Invited speakers

A. Berthoz

Prof. Alain Berthoz

Honorary Professor at Collège de France & Member of the French Academy of Science and Academy of Technology.

Simplexity and vicariance. On human cognition principles for man-machine interaction

The study of living bodies reveals that in order to solve complex problems in an efficient, fast and elegant way, evolution has developed processes that are based on principles that are neither trivial nor simple. I called them "simplexes". They concern for example detours, modularity, anticipation, redundancy, inhibition, reduction of dimensionality etc. They often use detours that seem to add an apparent complexity but which in reality simplifies problem solving, decision and action. Among these general principles, "vicariance" is fundamental. It is the ability to solve some problem by different processes according to the capacity of each one, the context, etc. It is also the ability to replace a process by another in the case of deficits. It is also the possibility to create new solutions. Indeed, it is the basis of creative flexibility. I will give examples borrowed from perception, motor action, memory, spatial navigation, decision-making, relationship with others and virtual worlds. I will show its importance for the compensation of neurological deficits and the design of humanoid robots for example. Finally, I will mention their importance in the fields of learning and education.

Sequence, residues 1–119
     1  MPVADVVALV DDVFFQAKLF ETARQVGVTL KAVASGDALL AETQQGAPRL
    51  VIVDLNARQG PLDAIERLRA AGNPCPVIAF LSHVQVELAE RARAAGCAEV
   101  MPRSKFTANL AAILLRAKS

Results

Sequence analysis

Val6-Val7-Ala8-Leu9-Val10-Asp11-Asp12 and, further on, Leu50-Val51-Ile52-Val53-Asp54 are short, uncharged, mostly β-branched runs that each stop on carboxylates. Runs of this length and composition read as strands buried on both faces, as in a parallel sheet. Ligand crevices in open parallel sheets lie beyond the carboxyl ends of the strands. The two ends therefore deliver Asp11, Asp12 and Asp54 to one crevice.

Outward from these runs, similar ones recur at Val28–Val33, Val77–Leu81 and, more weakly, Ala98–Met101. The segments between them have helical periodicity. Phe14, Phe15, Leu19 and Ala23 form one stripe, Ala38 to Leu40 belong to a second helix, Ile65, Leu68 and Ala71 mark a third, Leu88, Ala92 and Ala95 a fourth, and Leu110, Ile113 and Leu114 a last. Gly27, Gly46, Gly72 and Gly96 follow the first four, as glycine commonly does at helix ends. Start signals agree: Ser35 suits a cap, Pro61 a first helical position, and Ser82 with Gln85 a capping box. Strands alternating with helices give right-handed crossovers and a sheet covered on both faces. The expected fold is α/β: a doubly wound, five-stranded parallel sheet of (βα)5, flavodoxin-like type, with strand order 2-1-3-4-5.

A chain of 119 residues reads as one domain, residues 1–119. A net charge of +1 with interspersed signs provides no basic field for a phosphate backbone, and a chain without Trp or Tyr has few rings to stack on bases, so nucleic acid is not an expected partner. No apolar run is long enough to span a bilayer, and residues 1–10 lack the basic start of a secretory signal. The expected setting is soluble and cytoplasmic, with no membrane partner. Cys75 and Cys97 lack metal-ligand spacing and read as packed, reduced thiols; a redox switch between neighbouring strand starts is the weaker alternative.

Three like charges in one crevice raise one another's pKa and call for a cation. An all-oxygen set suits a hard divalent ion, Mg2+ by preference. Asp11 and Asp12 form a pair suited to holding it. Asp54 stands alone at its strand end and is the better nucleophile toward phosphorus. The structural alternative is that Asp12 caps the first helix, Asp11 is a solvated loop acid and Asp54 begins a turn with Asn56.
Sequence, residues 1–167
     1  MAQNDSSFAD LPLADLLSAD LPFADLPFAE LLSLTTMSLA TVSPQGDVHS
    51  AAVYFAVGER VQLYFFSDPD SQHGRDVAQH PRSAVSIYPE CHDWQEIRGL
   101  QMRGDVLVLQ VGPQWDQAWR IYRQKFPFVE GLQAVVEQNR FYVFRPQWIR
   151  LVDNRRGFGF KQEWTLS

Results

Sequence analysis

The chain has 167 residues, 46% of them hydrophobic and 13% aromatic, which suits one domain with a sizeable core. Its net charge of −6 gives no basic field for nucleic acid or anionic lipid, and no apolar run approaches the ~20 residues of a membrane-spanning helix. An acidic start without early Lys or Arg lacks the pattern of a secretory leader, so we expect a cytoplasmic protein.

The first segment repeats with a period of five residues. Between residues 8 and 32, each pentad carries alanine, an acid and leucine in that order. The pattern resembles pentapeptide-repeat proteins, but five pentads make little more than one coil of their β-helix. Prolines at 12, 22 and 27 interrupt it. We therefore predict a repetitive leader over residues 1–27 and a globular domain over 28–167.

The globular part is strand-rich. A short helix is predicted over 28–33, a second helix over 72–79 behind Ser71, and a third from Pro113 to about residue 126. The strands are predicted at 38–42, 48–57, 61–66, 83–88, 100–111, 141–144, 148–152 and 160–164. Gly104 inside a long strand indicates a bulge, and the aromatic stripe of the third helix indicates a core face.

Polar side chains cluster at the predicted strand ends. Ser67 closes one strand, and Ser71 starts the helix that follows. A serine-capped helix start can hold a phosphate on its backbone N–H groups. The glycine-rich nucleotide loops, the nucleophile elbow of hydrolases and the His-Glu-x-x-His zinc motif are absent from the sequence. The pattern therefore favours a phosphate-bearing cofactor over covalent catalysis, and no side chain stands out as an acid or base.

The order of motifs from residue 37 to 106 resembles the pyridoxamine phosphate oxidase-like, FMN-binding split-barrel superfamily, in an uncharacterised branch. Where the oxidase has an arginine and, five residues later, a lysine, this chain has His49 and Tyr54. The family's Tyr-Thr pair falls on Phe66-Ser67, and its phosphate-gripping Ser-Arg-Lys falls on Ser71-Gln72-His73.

M. Chetouani

Prof. Mohamed Chetouani

Professor at Pierre and Marie Curie University, France.

Interpersonal Human-Human and Human-Robot Interactions

Synchrony, engagement and learning are key processes of interpersonal interaction. In this talk, we will introduce interpersonal human-human and human-machine interactions schemes and models with a focus on definitions, sensing and evaluations at both behavioral and physiological levels. We will show how these models are currently applied to detect engagement in multi-party human-robot interactions, detect human’s personality traits and task learning.

A. Oulasvirta

Prof. Antti Oulasvirta

Associate Professor at Aalto University, Finland.

Can Machines Design? Optimizing User Interfaces for Human Performance

Algorithms have revolutionized almost every field of manufacturing and engineering. Is interaction design the next? This talk will give an overview of what future holds for algorithmic methods in interaction design. I will introduce the idea of using predictive models and simulations of end-user behavior in combinatorial optimization of user interfaces. I will demonstrate it with an interactive layout optimizer, provide an overview of research results, and provoke a critical discussion on the potentials and pitfalls of this approach.
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